Who May Need a Gestational Carrier?

There are a variety of reasons why an intended parent (or parents) may need or want a gestational carrier to carry a baby for them. These include:

  • Medical conditions that may endanger the parent or baby's life if they were pregnant
  • Previous pregnancy or birth complications, such as severe preeclampsia, that may endanger the parent or child
  • Repeated pregnancy loss not resolved with other treatments
  • Repeated unexplained IVF implantation failure
  • The person or couple wanting a child does not have a uterus (from birth or after removal for medical reasons)
  • Uterine malformations

Who Can Be a Gestational Carrier?

Sometimes, a gestational carrier is known to the intended parent or parents before the pregnancy arrangement. In this situation, a family member or friend agrees to carry the baby. In other cases, the gestational carrier starts out as a stranger.

Carrying a pregnancy for someone else is a beautiful gift a person can give to someone they know or a stranger who wants to have a child. However, it is also a very involved process, medically and physically invasive, and emotionally trying. It's not uncommon for people to back out at the last minute, causing tremendous financial loss to the intended parents and great emotional pain.

A gestational carrier must be in good overall health, have had at least one healthy pregnancy and birth in the past, have had fewer than five previous pregnancies, and be older than 21 but ideally younger than 35 (sometimes known gestational carriers may be older).

Gestational carriers also need to live in a surrogacy-friendly state or country, be available and willing to attend prenatal appointments, and agree to have pregnancy-related procedures and tests done. They also need to be willing to attend counseling, psychological and legal, before and possibly during the surrogacy arrangement.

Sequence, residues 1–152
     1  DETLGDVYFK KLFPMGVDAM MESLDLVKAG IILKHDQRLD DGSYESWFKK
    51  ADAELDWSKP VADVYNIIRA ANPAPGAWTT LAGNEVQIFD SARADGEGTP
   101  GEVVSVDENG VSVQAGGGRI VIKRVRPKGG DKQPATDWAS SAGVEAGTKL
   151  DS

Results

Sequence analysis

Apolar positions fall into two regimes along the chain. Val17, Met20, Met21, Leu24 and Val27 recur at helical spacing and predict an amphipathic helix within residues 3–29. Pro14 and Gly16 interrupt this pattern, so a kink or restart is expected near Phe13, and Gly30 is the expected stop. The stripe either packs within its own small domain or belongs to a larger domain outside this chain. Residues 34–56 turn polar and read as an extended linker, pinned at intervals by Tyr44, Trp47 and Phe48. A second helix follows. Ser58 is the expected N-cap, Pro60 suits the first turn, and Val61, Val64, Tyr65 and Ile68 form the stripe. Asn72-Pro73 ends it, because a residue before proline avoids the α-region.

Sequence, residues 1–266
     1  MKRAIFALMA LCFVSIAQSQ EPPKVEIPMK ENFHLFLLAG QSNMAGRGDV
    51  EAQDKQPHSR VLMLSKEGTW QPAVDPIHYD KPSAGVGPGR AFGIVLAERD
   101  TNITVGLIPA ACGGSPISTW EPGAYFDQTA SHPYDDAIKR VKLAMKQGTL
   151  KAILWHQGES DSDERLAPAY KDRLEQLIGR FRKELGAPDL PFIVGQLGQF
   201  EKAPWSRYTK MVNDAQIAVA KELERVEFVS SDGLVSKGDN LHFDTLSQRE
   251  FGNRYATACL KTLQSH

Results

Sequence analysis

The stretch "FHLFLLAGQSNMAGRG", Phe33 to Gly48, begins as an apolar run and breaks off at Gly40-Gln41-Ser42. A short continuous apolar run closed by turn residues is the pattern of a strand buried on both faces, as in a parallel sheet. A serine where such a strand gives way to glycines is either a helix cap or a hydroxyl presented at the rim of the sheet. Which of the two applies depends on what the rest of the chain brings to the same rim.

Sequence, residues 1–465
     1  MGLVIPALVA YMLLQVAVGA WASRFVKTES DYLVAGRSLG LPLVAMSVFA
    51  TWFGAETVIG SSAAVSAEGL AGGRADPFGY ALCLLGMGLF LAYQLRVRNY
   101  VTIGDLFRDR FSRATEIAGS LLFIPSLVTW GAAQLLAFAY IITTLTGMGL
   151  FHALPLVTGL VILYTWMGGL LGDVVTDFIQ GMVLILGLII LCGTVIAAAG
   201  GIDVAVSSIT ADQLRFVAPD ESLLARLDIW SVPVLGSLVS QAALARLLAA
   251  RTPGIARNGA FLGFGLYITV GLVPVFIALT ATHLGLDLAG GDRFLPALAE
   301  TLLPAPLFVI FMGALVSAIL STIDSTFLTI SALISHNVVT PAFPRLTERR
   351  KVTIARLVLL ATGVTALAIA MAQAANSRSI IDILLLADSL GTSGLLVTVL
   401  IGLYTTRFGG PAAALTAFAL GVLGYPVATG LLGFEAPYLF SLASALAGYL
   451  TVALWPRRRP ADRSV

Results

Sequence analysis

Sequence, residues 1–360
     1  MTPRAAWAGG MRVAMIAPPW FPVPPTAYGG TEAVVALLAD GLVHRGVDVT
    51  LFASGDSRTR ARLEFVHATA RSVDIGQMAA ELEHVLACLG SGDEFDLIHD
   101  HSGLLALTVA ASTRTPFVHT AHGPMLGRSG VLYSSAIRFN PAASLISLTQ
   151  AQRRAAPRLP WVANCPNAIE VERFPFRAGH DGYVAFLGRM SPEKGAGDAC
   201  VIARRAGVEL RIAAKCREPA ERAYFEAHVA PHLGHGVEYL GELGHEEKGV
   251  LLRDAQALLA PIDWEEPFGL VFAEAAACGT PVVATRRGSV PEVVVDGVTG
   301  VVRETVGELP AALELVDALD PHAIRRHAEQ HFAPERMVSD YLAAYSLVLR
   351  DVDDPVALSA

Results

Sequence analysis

A Word From Verywell

In most cases, if you want to pursue having another person carry your baby, a gestational carrier rather than a traditional surrogate is recommended. With a gestational carrier, the person carrying the baby is not genetically related to the child. However you choose to add to your family, consult both a doctor and lawyer to make sure you are considering all the complex legal, medical, and emotional issues at play.

3 Sources
Verywell Family uses only high-quality sources, including peer-reviewed studies, to support the facts within our articles. Read our editorial process to learn more about how we fact-check and keep our content accurate, reliable, and trustworthy.
  1. American Society of Reproductive Medicine. Third party reproduction: a guide for parents.

  2. American Society for Reproductive Medicine. Gestational carrier (surrogate).

  3. Brinsden PR. Gestational surrogacy. Hum Reprod Update. 2003;9(5):483-491. doi:10.1093/humupd/dmg033

By Rachel Gurevich, RN
Rachel Gurevich is a fertility advocate, author, and recipient of The Hope Award for Achievement, from Resolve: The National Infertility Association. She is a professional member of the Association of Health Care Journalists and has been writing about women’s health since 2001. Rachel uses her own experiences with infertility to write compassionate, practical, and supportive articles.